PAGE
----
Welcome to Tropical band

To most people the phrase "tropical bands" bring a pretty clear picture to mind - a bunch of shirtless guys playing calypso music. But to experienced shortwave DXers those two little words express the most challenging and enjoyable part of the radio hobby. The phrase kindles memories of a DXer's best catches and favorite QSLs, of exotic stations, music and of early morning listening sessions. (Don Moore)
I like the "Tropical band" name for new 60m allocation. (OK1RP)

Effective from 1st Jan 2017 please paper QSL via OM-bureau only.

Thursday, February 16, 2012

WRC-12 Day 24, 15 February 2012 – New Agenda Item

RSGB site 5MHz band WRC news:

To be correct, early morning on the 16th… the final reading of Resolution COM6/12 was approved at 03.20 this morning, 04.20 Geneva time. Nine hours after the evening session of Plenary started, the final addition of one preposition finalised the wording of the 5MHz future agenda item. The Resolution is reproduced here in full.

Resolution COM6/12 (WRC‑12)

Possible allocation to the amateur service on a secondary basis at around 5300kHz

The World Radiocommunication Conference (Geneva, 2012),


a) that amateur stations are regularly used for emergency radiocommunications in the event of hurricanes, typhoons, floods, fires, volcanic eruptions, earthquakes and other disaster situations;

b) that Recommendation ITU‑R M.1042‑3, on disaster communications in the amateur and amateur-satellite services, encourages the development of such services capable of providing radiocommunications in the event of natural disasters, and recommends that their networks be robust, flexible and independent of other telecommunication services and capable of operating from emergency power;

c) that communications in the HF bands allocated to the amateur service play a major role in work to mitigate catastrophes and in the delivery of communications in support of relief operations in areas where the telecommunication infrastructure is weak or has collapsed;

d) that the various frequency bands allocated to the amateur service are contained in the Table of Frequency Allocations in Article 5 of the Radio Regulations,


a) that radiocommunication in the HF bands is dependent on propagation factors, with the result that frequencies in different bands have to be used to maintain stable communication for a relatively sustained period of time, with frequency changes in the case of communications with different correspondents located at very different distances;

b) that it is essential that, in all cases, the maximum usable frequency (MUF) should not be excessively far from the next band allocated to the amateur service, so as to permit the setting up of communications in this band using typical amateur service antennas and power levels;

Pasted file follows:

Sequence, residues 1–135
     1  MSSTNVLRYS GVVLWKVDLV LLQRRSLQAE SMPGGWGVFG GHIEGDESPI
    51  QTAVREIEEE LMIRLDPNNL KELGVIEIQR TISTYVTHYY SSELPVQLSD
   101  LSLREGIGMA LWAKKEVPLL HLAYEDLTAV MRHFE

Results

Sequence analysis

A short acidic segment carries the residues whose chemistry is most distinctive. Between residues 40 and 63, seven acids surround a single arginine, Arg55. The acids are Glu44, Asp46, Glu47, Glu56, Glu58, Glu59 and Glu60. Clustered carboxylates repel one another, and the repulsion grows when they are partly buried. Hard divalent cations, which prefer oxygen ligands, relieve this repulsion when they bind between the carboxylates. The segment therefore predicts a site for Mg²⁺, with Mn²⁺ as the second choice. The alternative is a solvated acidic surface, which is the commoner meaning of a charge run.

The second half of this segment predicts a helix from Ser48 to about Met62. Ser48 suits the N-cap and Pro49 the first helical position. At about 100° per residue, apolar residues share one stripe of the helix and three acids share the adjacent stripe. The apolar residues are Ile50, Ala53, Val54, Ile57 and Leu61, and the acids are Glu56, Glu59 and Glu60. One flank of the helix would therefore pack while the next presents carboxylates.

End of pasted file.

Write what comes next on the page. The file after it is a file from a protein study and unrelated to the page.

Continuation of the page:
c) that, in the current allocations to the amateur service in the HF bands, there is a significant jump, which causes many problems in terms of communication when the MUF falls below 7MHz and the lowest usable frequency (LUF) is above 4MHz, with the result that amateur stations would need to be able to access spectrum at around 5MHz in order to fulfil their communication functions, particularly when they are engaged in providing emergency communications in response to disaster situations,


a) that the band 5250-5450kHz is allocated to the fixed and mobile services, except aeronautical mobile, on a primary basis;

b) that an allocation of an appropriate amount of spectrum, not necessarily contiguous, to the amateur service at around 5300kHz would be adequate to better satisfy its needs associated with use for providing communications in disaster situations and during relief operations;

c) that the band 10100-10150kHz is already allocated to the fixed service on a primary basis and to the amateur service on a secondary basis, and that effective use of both services has been possible,

resolves to invite WRC‑15

to consider, based on the results of the ITU‑R studies referred to in invites ITU‑R below, the possibility of making an allocation of an appropriate amount of spectrum, not necessarily contiguous, to the amateur service on a secondary basis within the band 5250-5450kHz,

invites ITU‑R

1. to study spectrum requirements for a secondary allocation to the amateur service within the band 5250-5450kHz;

2. to carry out sharing studies on the impact to other services currently allocated in the band referred to in invites ITU‑R 1 and in the adjacent bands;

3. to complete studies in time for WRC‑15.

73 - Petr, OK1RP

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